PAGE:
4 trends shaping the future of practical generative AI

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Pitchbook predicts that the generative AI market in the enterprise will grow at a CAGR of 32% to reach $98.1 billion by 2026.

I have been a technology entrepreneur for over 25 years. The pace of change in this space has always been incredibly fast. I used to tell people that I was doing surgery in dog years, considering that in one year I would see about seven years of transformation.

The launch of ChatGPT late last year turbocharged that pace of innovation. Generative AI has exploded, and every day major tech players like Microsoft, Google, and Salesforce are releasing competing announcements about how they’re integrating the technology into their platforms.

Since then, I’ve seen so much progress, demand, and promise in generative AI, especially in interactive conversation, that I’ve started measuring the pace in hamster years, which is five times faster than dog years.

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As generative AI continues to develop and evolve, there are four trends I expect to emerge.

1. The focus will shift to training generative AI on enterprise data

Most of the tools that generate headlines work exclusively on public domain data. However, there is a whole world of possibilities that opens up as generative AI is trained on enterprise data. As Nicola Morini Bianzino, Ernst & Young’s CTO, says, it will “change the way information is accessed and consumed within the enterprise.”

This use case for generative AI is urgent because access to institutional knowledge is disappearing. Enterprise data is growing at an explosive rate, but Gartner estimates that more than 80% of that data is unstructured (ie PDFs, videos, slide decks, MP3 files, etc.), making it difficult for employees to find and use.

Much of the information teams create is wasted because employees don’t know what’s there or simply can’t find what they need. Employees spend 20-30% of their workday tracking information. When they can’t find what they’re looking for, they disrupt co-workers’ productivity by asking questions or being directed to a resource.

Time is money, and as we approach the recession, organizations are looking for new ways to increase efficiency, reduce costs and work successfully with leaner teams. We will see more companies use generative AI to easily search for data within internal files and systems and empower the workforce.

2. Integration will be a key driver of enterprise value

Today’s innovation happens on specific platforms. Take Microsoft, for example, which includes ChatGPT and generative AI in everything it offers. Microsoft recently announced Copilot 365, which can collect data from your Outlook calendar and email. from emails to create bullet points to focus on in your next meeting. It can create Word and PowerPoint documents for you based on existing documents. These features provide incredible value to users working on Microsoft tools. However, only 25% of an enterprise’s data typically resides within Microsoft.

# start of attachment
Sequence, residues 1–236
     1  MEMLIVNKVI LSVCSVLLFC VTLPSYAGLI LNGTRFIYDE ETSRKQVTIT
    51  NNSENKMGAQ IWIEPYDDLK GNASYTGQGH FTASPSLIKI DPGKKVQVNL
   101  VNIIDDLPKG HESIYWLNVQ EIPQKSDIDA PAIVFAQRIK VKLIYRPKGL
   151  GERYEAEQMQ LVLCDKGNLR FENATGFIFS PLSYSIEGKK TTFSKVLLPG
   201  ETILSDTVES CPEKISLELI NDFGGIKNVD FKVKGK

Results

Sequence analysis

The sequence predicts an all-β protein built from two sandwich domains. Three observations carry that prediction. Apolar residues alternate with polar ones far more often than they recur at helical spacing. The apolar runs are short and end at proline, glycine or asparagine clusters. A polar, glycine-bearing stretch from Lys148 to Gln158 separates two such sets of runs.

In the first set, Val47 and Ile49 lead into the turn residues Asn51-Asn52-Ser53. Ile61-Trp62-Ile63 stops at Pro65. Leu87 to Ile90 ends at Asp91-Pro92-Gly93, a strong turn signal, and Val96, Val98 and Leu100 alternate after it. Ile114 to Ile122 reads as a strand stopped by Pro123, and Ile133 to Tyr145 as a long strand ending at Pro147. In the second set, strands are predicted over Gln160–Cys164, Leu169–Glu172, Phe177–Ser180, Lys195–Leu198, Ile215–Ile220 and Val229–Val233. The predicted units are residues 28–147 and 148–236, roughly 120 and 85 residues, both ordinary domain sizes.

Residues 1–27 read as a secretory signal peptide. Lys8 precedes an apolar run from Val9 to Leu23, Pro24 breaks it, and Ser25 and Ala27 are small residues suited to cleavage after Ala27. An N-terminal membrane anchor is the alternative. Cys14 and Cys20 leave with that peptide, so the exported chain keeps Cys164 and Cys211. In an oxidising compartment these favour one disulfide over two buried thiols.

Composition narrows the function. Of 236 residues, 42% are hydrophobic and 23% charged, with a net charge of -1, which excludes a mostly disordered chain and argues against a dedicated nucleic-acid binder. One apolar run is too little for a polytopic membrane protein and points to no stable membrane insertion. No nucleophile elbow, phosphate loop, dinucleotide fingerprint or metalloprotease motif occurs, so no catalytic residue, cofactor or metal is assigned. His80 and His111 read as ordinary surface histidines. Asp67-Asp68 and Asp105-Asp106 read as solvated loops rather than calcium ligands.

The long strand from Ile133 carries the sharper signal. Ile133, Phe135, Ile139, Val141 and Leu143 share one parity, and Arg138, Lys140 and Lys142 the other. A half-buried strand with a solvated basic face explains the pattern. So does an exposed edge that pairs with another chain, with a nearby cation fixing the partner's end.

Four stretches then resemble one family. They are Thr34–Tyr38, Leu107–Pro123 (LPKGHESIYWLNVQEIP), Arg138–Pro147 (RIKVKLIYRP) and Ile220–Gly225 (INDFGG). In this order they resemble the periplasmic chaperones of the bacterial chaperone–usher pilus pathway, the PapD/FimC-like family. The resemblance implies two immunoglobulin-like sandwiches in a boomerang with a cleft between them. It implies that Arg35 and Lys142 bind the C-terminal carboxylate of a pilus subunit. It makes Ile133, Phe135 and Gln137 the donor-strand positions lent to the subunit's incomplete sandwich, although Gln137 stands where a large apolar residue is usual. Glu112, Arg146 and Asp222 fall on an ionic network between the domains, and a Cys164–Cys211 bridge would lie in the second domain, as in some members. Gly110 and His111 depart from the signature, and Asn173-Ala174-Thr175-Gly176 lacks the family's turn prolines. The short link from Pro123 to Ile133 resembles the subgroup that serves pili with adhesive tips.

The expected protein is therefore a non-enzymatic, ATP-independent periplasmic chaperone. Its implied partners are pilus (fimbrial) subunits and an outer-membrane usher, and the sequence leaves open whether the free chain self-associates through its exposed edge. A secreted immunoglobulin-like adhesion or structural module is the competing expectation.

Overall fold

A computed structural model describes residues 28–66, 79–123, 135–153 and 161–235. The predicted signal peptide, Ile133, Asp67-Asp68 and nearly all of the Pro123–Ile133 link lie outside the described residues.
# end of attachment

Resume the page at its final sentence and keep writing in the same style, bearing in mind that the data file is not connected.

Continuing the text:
The rest of the company’s data lives in Google Drive, ServiceNow, SAP, Salesforce, Box, Tableau dashboards, third-party subscriptions, and a variety of other systems. This is why the enterprise value of generative AI increases exponentially when combined with federated search. It can collect data from across the company’s tools and answer a question or present the information needed at the time.

Consider how Roku unified streaming services and made it easy for consumers to access all their apps in one place. That kind of integration and innovation in generative AI will transform the enterprise.

3. Companies will begin creating AI-powered strategies, policies, and standards

This is the beginning of a new frontier for AI. Features that until recently were only seen in science fiction movies are now available. Companies need to understand the various use cases for generative AI and how this technology can increase productivity and drive growth. Organizations must establish policies on how to use technology and must identify and maintain the correct compliance standards.

As companies embrace AI, teams driving strategy and implementation must decide where it makes the most sense to augment existing applications, where to build new applications, and where to invest in packaged applications.

4. Accuracy will prevail

Some organizations are hesitant to adopt generative AI because it sometimes generates answers. This phenomenon is known as “hallucination” and occurs when there is insufficient content on which to base an answer, or when the system believes that inconsistent data is correct data.

The problem is that generative AI can confidently confirm incorrect or outdated answers as fact. The ability to provide evidence for answers will quickly become table stakes for providers of AI tools. Simply seeing where the answer is coming from allows users to validate the answer before acting or making a decision based on incorrect information. They can also tell the system if an answer isn’t accurate, so the AI ​​learns next time.

The new frontier of AI

The future of generative AI for the enterprise is very bright. Business applications are rapidly emerging that will deliver unprecedented efficiencies and competitive advantages. The pace of changes will be fast. Go ahead and stand out from your competition by defining the business goal of generative AI as your North Star. Choose to invest in the use cases that will deliver the most lasting value to your organization.

Scott Littman is the co-founder and CEO of Lucy®.


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